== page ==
Which means that there’s a lot that’s familiar in the large biomorphic shapes that hang off the gallery walls alongside and in combination with patterned paper, coloured tarps, and splattered combinations of the above. There are references to abjection and the body, and pop art. The sculptural components are shown to be open for recombination in videos where the black clad artists work silently, collaboratively and, one assumes, in an intuitive and improvisational manner. Kinetic works reflect that removal of individual intention with the foregrounding of random results generated from circular daises that rotate throughout the exhibition. There is no greater privilege than the freedom to relinquish authority.

    Marla Hlady, Christof Migone, Chloë Lum, Yannick Desranleau, Standing Under Mis, 2017, installation view

    Documents of the process of making become works unto themselves as they are incorporated as prints on vinyl that hang in folds off the walls and onto the floor. Image becomes object becomes material becomes art, as if everything is up for grabs in the creative process. Nothing refers to the outside world in this insular collection of creations seemingly generated by the quartet sealing themselves up in the gallery with a bunch of stuff and making what they will of it.

    There’s something innocent and exciting about that. Freedom and imagination are great, and play is a wonderful and essential mode of actively interacting with your world. But on a day when the real world seems to be going to shit (currently on my newsfeed: Las Vegas, Catalonia, Myanmar, Puerto Rico, North Korea, etc.), is art like this a necessary escape? A respite? Or is it an evasion? A denial? For those who can afford the luxury, it is the former. But for those who can’t, what else are they going to see here but child’s play?

    Marla Hlady & Christof Migone and Chloë Lum & Yannick Desranleau: Standing Under Mis continues until October 28.
    Katzman Contemporary:
    The gallery is partially accessible.

    Terence Dick is a freelance writer living in Toronto. His art criticism has appeared in Canadian Art, BorderCrossings, Prefix Photo, Camera Austria, Fuse, Mix, C Magazine, Azure, and The Globe and Mail. He is the editor of Akimblog. You can follow his quickie reviews and art news announcements on Twitter @TerenceDick.

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    Bodies In Translation: Age and Creativity at MSVU Art Gallery is an exhibition about aging, and all seven of the contributing artists identify as seniors. Their work addresses institutional barriers to space and information by labouring under the surface to break the stigma that art is for a select few who have the particular physical, sensory, and mental capacities to access it through traditional means.

    Anna Torma, Red Fragments 1, 2017, Hungarian folk art, commercial and silkscreen prints, woman’s handwork, hand embroidery on North American quilt patterns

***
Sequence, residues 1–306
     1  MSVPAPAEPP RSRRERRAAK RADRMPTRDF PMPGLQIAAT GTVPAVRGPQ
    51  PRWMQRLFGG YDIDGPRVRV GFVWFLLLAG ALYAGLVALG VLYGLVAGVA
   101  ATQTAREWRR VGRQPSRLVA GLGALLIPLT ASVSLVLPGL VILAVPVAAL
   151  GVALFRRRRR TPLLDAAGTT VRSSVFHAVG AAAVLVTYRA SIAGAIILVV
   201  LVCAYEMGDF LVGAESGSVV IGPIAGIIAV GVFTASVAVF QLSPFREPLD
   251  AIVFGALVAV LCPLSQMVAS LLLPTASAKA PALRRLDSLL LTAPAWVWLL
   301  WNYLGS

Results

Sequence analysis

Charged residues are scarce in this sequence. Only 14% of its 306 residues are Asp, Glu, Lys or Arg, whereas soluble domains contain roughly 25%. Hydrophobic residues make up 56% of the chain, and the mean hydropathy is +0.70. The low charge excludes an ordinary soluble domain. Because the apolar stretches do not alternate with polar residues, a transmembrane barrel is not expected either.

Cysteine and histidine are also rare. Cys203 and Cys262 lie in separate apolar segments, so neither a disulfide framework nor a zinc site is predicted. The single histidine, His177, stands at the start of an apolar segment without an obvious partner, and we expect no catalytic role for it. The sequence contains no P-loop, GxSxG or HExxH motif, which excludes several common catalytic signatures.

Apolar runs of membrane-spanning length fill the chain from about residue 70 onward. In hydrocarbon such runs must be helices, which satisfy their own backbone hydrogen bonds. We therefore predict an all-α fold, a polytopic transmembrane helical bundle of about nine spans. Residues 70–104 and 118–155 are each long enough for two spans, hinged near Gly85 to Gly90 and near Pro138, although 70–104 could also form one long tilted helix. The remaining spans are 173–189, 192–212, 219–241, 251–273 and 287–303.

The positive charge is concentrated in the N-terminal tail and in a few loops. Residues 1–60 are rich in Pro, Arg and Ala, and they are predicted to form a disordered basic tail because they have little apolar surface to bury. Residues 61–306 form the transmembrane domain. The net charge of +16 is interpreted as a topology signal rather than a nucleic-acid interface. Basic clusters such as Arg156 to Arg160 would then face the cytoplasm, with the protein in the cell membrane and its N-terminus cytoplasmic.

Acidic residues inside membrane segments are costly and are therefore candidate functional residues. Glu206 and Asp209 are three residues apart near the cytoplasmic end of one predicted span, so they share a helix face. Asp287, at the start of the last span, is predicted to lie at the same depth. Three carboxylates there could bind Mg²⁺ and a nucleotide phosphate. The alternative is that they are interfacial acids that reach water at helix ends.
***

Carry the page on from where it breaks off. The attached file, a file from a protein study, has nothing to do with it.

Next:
As you enter the gallery Onni Nordman's sculpture Scarecrow Among the Chancellors stands sentinel with open arms and a friendly, aged face. His body is made from the unlikely but extremely effective medium of dried yellow burs. Hundreds of the prickly Velcro spheres stick to one another, and, on an audio tour provided by the gallery, the artist’s voice urges you: "Go ahead. Touch him."

    Touch is vital to the experience of Bodies In Translation as is audio description. The additional sensory information invites a deep and meaningful engagement. Another example of this is Anna Torma’s collaborative textile work – a call-and-answer piece created with the help of an aunt who made a series of cross-stitch works in the patterns she (and every woman in Hungary) would have been taught as a child. As the artist’s aunt ages (she has a stroke and eventually passes away), the patterns of the needlework fracture and peter out. They culminate in a mostly empty canvas with the still threaded needle left tucked in place. In contrast to traditional textiles, Torma has created a large, fractured and fraying tapestry that call to mind maps of both geographic and neurological displacement. All that remains is to navigate them.

    Bodies In Translation: Age and Creativity continues until November 12.
    MSVU Art Gallery:
    The gallery is accessible.

    Anna Taylor is an artist, crafter, and organizer sitting on the board of the Halifax Crafters Society. She is Akimblog’s Halifax correspondent and can be followed on Twitter @TaylorMadeGoods.

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    Floe Edge, currently on display at Urban Shaman, is an eclectic compilation of contemporary works coming out of the expanses of Nunavut territory. For the Winnipeg stop of this touring exhibition, we get to see approximately twenty contributions by artists and art collectives that live and work in the region. Art making is just one facet of their multidirectional practices. In fact, very few of them work exclusively as artists. They are educators, organizers, facilitators, seamstresses, former mayors, authors, community activists, and hunters. What unites them is their use of the document – be it photography, object making, garments, drawings, video, and/or sound – to map stories of people, place, and culture.

    Nicole Camphaug

    As viewers enter the gallery, they are greeted by Shuvinai Ashoona’s life-size drawing of an intimate domestic scene with three women draped in colourful attire. Their eyes are cast downward as they perform household chores. There is an economy in the line work that adds to the delicacy of the figures and forms, but they nevertheless appear methodically rendered. Around the corner are Ningeokuluk Teevee’s contorted and surreal colour pencil drawings and Tim Pitsiulak’s realist depictions of wildlife and the land.